I would have learnt so much more than just what someone was having for their breakfast.


The problem with time: seasonal clock changes

In the UK, as in many parts of the world, we change our time twice a year by moving the clocks either backwards by one hour in winter to Greenwich Mean Time (GMT) (standard time in America) or forwards by an hour in the spring to British Summer Time (BST) (Daylight Saving Time in America). This means that during GMT it will get lighter earlier in the morning but darker earlier in the evening. For some, changing the time is the perfect solution for utilising daylight, but for others, including business partners across the world, it can cause all sorts of problems.

What is the reason that we do it anyway?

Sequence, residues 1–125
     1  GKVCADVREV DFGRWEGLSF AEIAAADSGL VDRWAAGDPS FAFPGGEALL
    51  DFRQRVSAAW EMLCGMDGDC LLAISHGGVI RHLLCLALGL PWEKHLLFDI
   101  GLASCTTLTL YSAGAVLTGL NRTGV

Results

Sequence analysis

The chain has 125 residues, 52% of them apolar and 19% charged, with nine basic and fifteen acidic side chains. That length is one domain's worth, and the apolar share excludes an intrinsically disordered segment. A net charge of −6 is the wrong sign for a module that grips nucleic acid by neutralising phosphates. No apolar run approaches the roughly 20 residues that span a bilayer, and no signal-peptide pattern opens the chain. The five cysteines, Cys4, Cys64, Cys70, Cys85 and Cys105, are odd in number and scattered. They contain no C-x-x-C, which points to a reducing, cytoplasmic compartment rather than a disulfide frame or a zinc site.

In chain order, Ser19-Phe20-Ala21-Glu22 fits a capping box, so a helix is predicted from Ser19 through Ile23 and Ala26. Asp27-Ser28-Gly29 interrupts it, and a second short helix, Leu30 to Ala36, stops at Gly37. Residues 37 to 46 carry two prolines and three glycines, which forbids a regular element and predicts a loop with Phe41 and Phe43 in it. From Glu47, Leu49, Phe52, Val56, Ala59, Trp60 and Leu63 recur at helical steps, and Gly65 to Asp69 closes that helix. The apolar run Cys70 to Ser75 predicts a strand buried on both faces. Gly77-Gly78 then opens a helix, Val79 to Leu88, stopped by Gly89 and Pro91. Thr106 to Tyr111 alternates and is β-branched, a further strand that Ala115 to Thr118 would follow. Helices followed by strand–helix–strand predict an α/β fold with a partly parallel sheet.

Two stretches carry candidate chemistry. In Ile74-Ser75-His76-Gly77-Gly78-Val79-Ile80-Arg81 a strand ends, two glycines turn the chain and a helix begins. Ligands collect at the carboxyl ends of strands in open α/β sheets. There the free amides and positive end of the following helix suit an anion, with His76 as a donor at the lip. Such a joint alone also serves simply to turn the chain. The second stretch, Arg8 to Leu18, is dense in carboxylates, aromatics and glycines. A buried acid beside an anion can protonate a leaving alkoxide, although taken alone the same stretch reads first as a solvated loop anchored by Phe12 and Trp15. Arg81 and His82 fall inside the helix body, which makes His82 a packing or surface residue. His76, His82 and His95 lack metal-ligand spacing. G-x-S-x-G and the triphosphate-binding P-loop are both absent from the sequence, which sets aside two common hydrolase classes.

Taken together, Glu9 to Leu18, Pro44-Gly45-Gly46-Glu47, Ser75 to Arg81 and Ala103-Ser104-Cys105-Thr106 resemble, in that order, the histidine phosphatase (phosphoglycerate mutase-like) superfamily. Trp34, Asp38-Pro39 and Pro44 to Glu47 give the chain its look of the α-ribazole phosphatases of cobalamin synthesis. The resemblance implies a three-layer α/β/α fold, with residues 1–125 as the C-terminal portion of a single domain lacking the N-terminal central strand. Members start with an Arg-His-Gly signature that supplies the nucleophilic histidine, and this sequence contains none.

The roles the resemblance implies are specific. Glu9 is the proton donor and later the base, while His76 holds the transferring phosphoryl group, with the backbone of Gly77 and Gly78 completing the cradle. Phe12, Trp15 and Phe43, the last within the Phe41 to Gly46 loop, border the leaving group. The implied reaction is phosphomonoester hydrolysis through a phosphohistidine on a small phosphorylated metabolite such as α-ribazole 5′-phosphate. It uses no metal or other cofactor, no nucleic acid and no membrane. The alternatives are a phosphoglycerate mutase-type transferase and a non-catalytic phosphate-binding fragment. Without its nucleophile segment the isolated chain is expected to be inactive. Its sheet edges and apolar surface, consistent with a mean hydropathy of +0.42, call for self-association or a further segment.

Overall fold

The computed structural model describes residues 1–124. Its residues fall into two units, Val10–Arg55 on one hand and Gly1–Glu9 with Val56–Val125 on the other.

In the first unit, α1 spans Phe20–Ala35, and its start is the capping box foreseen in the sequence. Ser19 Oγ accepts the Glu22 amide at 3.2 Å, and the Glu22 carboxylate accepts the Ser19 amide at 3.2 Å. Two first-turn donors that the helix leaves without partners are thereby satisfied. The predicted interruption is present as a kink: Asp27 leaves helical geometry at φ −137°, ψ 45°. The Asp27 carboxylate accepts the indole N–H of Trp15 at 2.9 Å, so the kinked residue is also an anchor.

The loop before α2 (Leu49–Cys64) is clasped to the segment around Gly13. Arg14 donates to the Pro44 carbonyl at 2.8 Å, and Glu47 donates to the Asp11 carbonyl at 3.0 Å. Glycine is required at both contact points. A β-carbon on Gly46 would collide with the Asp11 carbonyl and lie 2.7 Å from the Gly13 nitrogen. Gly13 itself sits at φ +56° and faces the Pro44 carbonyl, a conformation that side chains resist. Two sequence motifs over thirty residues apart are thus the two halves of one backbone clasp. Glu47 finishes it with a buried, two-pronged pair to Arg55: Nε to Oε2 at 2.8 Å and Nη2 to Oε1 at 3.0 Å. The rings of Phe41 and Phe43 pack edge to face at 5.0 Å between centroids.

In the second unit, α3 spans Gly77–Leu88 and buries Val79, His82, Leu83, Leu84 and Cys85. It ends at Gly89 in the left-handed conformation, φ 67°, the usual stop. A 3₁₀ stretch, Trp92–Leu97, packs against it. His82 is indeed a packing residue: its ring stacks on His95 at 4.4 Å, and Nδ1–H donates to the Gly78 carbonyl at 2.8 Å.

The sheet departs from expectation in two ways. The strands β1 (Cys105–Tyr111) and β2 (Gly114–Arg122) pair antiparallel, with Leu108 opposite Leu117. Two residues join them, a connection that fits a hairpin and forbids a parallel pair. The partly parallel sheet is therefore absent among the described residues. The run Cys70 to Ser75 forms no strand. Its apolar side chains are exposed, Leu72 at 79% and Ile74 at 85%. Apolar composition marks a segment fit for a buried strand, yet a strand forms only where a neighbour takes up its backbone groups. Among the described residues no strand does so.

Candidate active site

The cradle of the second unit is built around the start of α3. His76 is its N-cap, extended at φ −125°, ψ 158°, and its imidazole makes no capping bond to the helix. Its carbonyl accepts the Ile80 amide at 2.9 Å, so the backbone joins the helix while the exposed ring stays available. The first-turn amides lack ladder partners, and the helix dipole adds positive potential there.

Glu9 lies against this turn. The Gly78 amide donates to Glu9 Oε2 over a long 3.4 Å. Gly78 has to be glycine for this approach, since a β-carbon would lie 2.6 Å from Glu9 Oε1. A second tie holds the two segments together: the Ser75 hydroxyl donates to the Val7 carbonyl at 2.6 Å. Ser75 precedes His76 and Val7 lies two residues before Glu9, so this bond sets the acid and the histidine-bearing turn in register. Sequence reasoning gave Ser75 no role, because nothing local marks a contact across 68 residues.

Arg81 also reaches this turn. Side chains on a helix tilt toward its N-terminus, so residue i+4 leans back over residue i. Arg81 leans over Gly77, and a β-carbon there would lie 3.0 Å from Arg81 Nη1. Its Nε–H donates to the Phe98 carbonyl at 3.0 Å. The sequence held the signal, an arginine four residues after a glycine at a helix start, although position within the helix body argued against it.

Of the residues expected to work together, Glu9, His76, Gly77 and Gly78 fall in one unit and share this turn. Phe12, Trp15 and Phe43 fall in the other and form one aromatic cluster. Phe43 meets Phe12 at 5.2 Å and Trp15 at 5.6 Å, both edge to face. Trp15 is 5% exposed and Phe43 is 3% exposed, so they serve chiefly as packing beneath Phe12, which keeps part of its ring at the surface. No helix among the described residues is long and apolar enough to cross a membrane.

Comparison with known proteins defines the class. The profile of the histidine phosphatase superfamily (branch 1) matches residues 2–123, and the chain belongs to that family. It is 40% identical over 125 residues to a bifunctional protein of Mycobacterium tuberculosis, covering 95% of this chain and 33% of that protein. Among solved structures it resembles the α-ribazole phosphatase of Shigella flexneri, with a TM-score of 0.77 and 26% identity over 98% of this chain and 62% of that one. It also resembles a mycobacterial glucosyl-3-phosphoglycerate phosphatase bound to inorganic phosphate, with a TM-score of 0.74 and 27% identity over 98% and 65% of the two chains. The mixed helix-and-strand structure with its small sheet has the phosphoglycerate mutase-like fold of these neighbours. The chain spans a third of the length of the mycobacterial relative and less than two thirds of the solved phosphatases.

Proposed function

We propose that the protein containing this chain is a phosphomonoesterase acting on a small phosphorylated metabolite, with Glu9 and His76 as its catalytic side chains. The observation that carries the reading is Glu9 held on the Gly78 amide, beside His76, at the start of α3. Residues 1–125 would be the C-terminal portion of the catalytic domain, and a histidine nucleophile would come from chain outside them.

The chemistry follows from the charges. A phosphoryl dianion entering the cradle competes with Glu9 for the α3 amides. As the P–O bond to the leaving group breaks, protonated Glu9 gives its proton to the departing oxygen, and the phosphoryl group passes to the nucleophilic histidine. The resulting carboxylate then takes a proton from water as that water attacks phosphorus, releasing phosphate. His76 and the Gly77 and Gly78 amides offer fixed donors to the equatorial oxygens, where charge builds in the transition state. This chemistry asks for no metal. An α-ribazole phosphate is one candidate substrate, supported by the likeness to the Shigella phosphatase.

In 1784, American Benjamin Franklin proposed the idea of getting up earlier in a bid to save on candles, but this was only ever a satirical theory involving the firing of cannons, taxes and the posting of soldiers outside of shops. It was actually a New Zealand scientist by the name of George Hudson who, in 1895, made the first serious suggestion to change time so that he would have more time for his bug hunting. The cause was later taken up in the UK by William Willett who, wanting the chance to play golf for longer, published the Waste of Daylight in 1907 hoping to promote the idea. However, it was Germany who first introduced it in April 1916 in a bid to save energy and, therefore, win the war against the Allies. It didn’t, but the notion of changing the clocks was now a popular idea to save energy; Britain adopted the practice a month later and America followed suit 1918 although it wasn’t until 1966 that it entered federal law.